There's a moment midway through Guardians of the Galaxy Vol. 2, as the Yaka Arrow of the whistling Yondu (Michael Rooker's blue-skinned, mohawked mercenary) weaves a neon trail through the chest cavities of an array of disposable baddies, that a secret element of the surprise blockbuster franchise becomes evident: Guardians of the Galaxy is basically a cinematic laser-light show.
It's a bright spectacle, backed by familiar '70s rock tracks, that allows viewers to turn off their critical thinking and simply soak in the fun. Heck, there are more colors in certain five-second stretches of Guardians of the Galaxy Vol. 2 than there have been in all the DC Comics films combined (someone tell Batman and Superman that there are ways to convey grittiness without every image being brown or gray).
The gang's all back for Vol. 2, and that's the sequel's biggest strength. Instead of having to jump through the origin-story hoops, we're immediately thrown back in with these universally lovable misfits. Chris Pratt recaptures the rugged charm and doofus swagger of Peter Quill (aka Star-Lord). Drax (Dave Bautista) gets even more laughs with his unknowingly blunt and literal speaking manner. Rocket Raccoon (voiced by Bradley Cooper) remains the same fast-talking, gunslinging smuggler. Zoe Saldana once again plays Gamora, the green-tinted straight woman forced to endure the boys' antics.
And tree creature Baby Groot takes the simplicity of the "I am Groot" formula from the original and imbues it with 20,000 levels of cuteness (even the bad guys fess up to his adorableness during the film). It seems blatantly obvious, but it's funny how easy enjoying a movie can be when all the main characters are immensely likable.
This time around, the Guardians find themselves on the run from the golden Sovereign race after Rocket gets a bit greedy during a protection job. Along the way, they encounter Quill's mysterious father, Ego (Kurt Russell, still radiating charisma), and he and his empath alien companion Mantis (Pom Klementieff) whisk Quill, Gamora and Drax off to a gorgeous paradise planet, also named Ego, that he alone inhabits.
As questions arise, Quill's long-lost dad begins to reveal his past and his son's untapped potential for cosmic power. Meanwhile, Rocket, Baby Groot and one of the original film's foes — Gamora's sister Nebula, a current bounty capture by the Guardians — run into a familiar pack of space pirates under Yondu's command, and it all comes to a head when things on Ego take a turn for the potentially universe-destroying worst.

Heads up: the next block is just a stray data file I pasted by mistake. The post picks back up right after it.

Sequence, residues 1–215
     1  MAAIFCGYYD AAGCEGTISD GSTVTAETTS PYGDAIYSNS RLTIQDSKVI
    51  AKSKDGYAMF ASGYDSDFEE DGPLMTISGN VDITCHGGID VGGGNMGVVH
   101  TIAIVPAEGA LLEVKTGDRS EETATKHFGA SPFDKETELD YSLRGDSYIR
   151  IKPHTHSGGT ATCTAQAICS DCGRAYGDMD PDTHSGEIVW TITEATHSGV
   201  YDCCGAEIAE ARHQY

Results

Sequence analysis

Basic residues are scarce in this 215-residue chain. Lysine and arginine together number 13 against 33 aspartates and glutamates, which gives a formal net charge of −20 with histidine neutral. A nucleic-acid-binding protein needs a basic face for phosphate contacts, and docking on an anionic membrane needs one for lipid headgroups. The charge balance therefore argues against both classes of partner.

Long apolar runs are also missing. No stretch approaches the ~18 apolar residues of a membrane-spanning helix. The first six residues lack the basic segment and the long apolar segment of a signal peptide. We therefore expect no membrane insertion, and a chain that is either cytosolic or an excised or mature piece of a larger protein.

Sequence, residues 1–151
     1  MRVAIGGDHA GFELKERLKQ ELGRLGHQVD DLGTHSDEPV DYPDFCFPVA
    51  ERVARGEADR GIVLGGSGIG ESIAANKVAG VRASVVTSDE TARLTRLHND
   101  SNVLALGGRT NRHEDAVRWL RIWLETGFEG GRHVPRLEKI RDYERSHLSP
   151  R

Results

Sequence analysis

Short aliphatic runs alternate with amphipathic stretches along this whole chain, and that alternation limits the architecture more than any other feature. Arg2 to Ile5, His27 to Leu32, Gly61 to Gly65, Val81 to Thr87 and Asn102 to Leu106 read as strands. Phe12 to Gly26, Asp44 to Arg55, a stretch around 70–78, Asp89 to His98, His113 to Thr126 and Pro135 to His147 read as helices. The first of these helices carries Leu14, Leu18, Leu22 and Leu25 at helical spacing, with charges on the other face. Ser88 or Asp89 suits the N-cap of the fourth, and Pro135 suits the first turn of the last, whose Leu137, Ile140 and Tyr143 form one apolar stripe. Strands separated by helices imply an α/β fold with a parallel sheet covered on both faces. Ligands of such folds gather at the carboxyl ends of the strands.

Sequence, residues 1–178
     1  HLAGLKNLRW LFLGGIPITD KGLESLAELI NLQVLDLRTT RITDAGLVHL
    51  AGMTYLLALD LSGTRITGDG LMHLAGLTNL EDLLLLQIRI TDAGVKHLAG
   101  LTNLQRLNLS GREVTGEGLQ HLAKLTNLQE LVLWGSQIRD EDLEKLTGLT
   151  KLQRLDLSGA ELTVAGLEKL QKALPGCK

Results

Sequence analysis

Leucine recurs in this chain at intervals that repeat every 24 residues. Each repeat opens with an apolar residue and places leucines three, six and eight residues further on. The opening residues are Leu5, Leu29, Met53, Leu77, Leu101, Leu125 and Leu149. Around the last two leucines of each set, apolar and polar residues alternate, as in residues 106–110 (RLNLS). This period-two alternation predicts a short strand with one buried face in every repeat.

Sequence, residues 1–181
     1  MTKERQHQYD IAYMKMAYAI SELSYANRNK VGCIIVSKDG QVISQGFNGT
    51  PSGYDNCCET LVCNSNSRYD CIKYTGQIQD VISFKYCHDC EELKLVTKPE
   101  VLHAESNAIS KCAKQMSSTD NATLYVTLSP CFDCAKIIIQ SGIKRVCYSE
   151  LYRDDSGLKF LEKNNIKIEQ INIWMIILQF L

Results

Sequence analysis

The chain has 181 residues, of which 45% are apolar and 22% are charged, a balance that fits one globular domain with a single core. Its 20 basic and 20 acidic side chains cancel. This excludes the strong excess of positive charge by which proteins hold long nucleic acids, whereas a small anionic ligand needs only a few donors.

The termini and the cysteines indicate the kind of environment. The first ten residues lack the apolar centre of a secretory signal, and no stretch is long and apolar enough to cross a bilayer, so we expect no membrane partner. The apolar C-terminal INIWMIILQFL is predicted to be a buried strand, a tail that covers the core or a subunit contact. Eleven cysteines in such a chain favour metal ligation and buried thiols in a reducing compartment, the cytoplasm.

After breaking out with the original film, writer-director James Gunn returns to revel in the irreverent freedom of summer blockbuster bliss. Gunn doesn't direct action sequences as much as he crafts music videos packed with colorful carnage set to tunes from Quill's mixtapes. In the Kill Bill films, Quentin Tarantino made hyper-violence stomachable by presenting it in a cartoonishly over-the-top manner, and Gunn follows the same principles, toning down the gore and making the film into the kind of live-action cartoon that parents will actually take their kids to see. When the hues are so dazzling and everything syncs so well to the upbeat songs blaring from one of Star-Lord's cassettes, you lose track of the (mildly horrific) body count.
Gunn also knows the value of shifting focus for comedic effect, and to avoid being overwhelmed by continuous action. Instead of employing background gags, he makes such gags the foreground focus, with the chaos of the battles serving as an afterthought. A space battle with hundreds of ships darting through an asteroid field, for instance, becomes more about Quill and Rocket egotistically quarreling about who gets to pilot the ship, and a fight with a tentacled monster centers on an oblivious-to-danger Baby Groot dancing to his little wooden heart's content.
At times, Gunn's script and his love for the soundtrack can cross over into self-indulgent territory, whether he's repeating jokes that misfired on the first attempt or continually drawing attention to the need for source music. But for the most part, the humor hits more than it misses, with plenty of fan service and Earthly pop culture references (hello, David Hasselhoff).
Between the explosions and gunfire, though, lay legitimate questions about abandonment and sacrifice, and Guardians of the Galaxy Vol. 2 reveals itself to be, without getting too heavy-handed, a movie about how much genetics and nurturing define what makes a family. And all the while, the endearing Guardians, this motley crew who have returned the space opera to its exuberant popcorn-fare glory, make the whole affair feel like a cinematic reunion that no one's in a rush to see end. ♦